BOONVILLE GREETS 2021: Gunshots started a little after 8pm on New Year’s Eve with small arms fire and/or firecrackers going off in downtown Boonville. Then there was a lull of a couple of hours and it started again as the Big Moment approached. A variety of sizes and gauges of booms and pops and blasts continued until just past midnight, belatedly joined by what sounded like a few shotgun blasts from down by the intersection of Highway 128 and Mountain View Road. A few minutes later forlorn Ranchero music arose from the dark, damp void to add an international Rednexican sound track to the midnight celebration.
A MENDOCINO WRITER, Paul McHugh, writes:
The last time I got something into the AVA was in 1984-85 just before I decamped from Anderson Valley to San Francisco to go to work for the Chron. I don't even remember now what it was I published with you. Probably something having to do with paddling the Navarro or working on a sheep ranch. Sheep dogs? That could have been me. I was caretaker of the Lowry Ranch in Yorkville from 1983-1985. Anyway, after 22 years at the Chronicle, mostly doing outdoor stuff, but some investigative front pages too, I took a buyout in 2007 and proceeded to work on fiction. If you want to know anything about those periods, a lot of it is up www.paulmchugh.net.
My very latest thing is my fourth novel, “Came A Horseman,” mostly set on the Lost Coast. I'm doing the print launch in conjunction with Christy Day Olson at Gallery Books in Mendocino. We will do a zoom-chat for all comers on January 14 at 6 pm followed by a Facebook Live on January 21 at noon. Even after all this time I still consider myself a Mendocino writer. I mean, that's where I got my start, working for seven years out of a literal garret at the top of a small Victorian on the corner of Ford and Covelo streets. Cheers.
A READER ASKS: “Trying to find out what is going on with propane prices in this county is impossible. My propane is costing me $3.60 a unit/meaning a gallon. That’s outrageous as I read there is a glut of propane…. My bill more than doubled this year. I know it’s been cold…. one little propane heater in the cottage was on “some” of the time but my guest mostly used an electric heater. The propane bill was $255!!! $255 for a week???? My house was $855!!!! breathtaking. I read that the average cost in the US is about $2.00. It has always been more expensive in this county. But something is really wrong here. I believe price gouging is a felony during an emergency. I would say the pandemic has emergency written all over it….especially with people staying home. So the propane companies are getting away with highway robbery. Could you look into this?”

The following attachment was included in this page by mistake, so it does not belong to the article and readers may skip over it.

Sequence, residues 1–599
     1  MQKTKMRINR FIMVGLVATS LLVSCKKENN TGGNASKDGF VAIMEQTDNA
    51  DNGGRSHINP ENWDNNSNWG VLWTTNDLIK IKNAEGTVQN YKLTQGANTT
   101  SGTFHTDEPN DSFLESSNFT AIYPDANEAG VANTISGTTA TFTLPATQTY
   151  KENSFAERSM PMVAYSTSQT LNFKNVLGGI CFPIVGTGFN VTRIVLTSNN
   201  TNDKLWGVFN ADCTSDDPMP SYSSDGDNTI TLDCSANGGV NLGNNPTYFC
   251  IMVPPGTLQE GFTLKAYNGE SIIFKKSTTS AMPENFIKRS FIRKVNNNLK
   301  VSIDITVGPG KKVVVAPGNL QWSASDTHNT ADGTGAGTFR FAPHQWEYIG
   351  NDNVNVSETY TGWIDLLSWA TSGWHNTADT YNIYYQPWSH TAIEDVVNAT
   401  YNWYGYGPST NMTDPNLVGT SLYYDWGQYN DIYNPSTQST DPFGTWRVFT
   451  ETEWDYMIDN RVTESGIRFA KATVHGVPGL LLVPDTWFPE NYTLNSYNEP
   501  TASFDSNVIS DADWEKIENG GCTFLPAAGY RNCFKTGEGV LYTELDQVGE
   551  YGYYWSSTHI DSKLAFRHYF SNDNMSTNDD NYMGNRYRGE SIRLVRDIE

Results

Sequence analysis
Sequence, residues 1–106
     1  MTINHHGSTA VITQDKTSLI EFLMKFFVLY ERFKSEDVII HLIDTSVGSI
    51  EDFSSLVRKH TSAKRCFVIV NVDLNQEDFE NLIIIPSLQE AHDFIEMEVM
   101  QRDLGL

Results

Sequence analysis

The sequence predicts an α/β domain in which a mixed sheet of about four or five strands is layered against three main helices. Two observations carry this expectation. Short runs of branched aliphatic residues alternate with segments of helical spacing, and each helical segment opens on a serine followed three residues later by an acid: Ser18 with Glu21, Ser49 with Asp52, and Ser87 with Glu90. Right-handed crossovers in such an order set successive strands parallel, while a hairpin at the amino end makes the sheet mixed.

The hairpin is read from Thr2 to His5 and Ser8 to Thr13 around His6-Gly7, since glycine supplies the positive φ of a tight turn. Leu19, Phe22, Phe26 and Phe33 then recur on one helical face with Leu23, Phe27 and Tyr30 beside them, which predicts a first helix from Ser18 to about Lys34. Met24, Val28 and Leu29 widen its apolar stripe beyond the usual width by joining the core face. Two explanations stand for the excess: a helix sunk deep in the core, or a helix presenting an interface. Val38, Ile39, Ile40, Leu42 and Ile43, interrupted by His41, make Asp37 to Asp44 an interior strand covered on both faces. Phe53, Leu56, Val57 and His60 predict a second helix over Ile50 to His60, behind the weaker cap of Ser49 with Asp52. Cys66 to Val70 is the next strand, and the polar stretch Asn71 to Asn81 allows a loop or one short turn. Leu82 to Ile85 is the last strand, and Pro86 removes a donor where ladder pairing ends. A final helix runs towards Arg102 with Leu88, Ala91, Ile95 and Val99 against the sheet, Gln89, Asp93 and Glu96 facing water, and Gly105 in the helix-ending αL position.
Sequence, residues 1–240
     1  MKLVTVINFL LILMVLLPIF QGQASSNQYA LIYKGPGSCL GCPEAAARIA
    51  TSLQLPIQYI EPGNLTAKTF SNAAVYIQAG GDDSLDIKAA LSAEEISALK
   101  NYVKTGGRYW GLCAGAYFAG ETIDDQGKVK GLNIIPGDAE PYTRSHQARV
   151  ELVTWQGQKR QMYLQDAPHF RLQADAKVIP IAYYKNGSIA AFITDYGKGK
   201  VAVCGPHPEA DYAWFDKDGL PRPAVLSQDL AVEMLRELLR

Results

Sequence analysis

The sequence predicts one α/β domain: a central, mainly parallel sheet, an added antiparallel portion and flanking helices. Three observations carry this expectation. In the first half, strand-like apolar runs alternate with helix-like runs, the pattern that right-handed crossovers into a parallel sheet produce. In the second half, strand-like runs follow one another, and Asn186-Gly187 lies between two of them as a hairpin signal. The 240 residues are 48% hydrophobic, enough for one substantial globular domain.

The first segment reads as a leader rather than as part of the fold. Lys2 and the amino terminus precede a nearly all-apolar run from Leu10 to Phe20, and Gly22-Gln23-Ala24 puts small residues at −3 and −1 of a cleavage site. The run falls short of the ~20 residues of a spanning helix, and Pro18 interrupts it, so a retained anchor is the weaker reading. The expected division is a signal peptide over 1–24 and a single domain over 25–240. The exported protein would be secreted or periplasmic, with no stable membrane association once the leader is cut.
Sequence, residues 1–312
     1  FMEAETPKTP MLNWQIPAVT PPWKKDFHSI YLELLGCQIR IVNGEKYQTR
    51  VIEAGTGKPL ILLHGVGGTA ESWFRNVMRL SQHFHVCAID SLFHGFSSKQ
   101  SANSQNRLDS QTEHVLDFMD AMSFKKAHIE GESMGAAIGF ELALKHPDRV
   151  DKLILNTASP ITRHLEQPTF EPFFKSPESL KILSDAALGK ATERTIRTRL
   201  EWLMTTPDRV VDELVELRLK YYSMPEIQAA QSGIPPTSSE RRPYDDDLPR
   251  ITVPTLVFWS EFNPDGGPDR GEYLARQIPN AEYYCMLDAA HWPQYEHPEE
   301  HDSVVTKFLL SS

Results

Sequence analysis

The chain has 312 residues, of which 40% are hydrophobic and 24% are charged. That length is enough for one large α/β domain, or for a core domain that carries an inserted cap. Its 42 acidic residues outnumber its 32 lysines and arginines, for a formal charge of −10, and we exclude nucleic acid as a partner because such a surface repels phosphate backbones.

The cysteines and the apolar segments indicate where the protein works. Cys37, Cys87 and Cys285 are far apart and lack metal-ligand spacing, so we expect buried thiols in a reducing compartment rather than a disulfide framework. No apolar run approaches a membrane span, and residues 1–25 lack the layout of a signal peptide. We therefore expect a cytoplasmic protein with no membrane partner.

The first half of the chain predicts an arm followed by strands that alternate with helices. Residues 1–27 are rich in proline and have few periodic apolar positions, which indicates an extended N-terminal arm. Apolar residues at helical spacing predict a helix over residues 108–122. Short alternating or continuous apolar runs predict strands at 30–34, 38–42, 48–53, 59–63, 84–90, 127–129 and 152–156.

THE REDWOOD DRIVE-IN was closed for a holiday week, but re-opened at 6am Monday morning. I wasn’t surprised at how many people seem discombobulated by the temporary and well-deserved vacation that Ricardo Suarez and Company enjoyed because the Drive-in is even more central to the life of Boonville than ever, what with Pic 'N Pay destroyed by fire, and AV Market on reduced hours. The Drive-in being directly in my office viewshed, I saw people peering in the darkened windows and rattling the doors all day every day they were closed, as customers couldn’t quite believe that the essential business was temporarily shuttered.
THE CHRON’S wine writer, Esther Mobley: “We said goodbye to Milla Handley whose Handley Cellars helped put Mendocino County’s Anderson Valley on the map as a fine-wine region. She died in August at age 68. The cause: COVID-19.”
DARREN DELMORE'S latest novel is called Unplanned Parenthood whose title alone is sure to resonate with millions of Americans but is notable to us Mendos because it's set, mostly, right here in the Anderson Valley's wine industry. The wine biz may look placidly tidy on the surface, but boyoboyo don't let appearances fool you, dear prospective reader.
STEVE HEILIG re Navarro’s smartest guy ever:
Nice photo of Nobelist Mullis. I was once on an AAAS conference panel with him, wherein he denied HIV had anything to do with AIDS, saying it was all from drug abuse-related immune suppression (an utterly nonsensical belief). It was midday and he reeked of booze. He said “I’m thirsty”, looked around, saw a half empty cloudy water bottle on the floor in the corner, walked over and drank it down, then said “I’m building up my immune system!” All the scientists present were shaking their heads, disgusted/sorry for him. I said “Any physicians in the audience might diagnose this as ‘Nobelist Syndrome” (wherein said prizewinners suddenly believe they know everything about everything). Loud laughter ensued, but it was actually quite sad.
MARK SCARAMELLA NOTES: Back in those days, the late Kary Mullis’s controversial views on AIDS were so well known and disputed that KZYX actually set up an hour-and-a-half debate between Mullis and Bay Area physician Dr. Mike Alcalay, competently moderated, if I remember correctly, by Yorkville resident Jill Hannum. Alcalay won the debate with ease as far as we were concerned, but Mullis made his points and did not sound drunk. (And I’ve seen him quite drunk at his then-home on Gschwend Road.) That debate was the first of four (that’s a total of four) KZYX-hosted local debates in the station’s 32-year history, or about one every eight years. The other three involved then-private attorney Keith Faulder debating John McCowen, KC Meadows and Ross Liberty on the subject of the cannabis re-regulatory Measure B, which turned into a fiasco when the station suspended Meadows for voicing her own pinion [gasp!] whereupon she rightly quit her volunteer position as news talk moderator, the smartest, most articulate show host the forlorn station has ever had,. The third debate was Ted Williams debating Jim Little on the subject of Measure V, the standing dead trees/nuisance initiative which Williams seems now to have abandoned as a sitting supervisor. All three programs were proof that KZYX could be a forum for proper discussion and debate of local issues, but seldom even tries. Oh, there was one more semi-debate when pre-blackballed programmer John Sakowicz had me on to debate Richard Shoemaker and Sean White on the subject of wine grape water usage and regulation. I would venture an opinion on who won that one, but I’m biased. Needless to say, of the two, White was the much more formidable debater.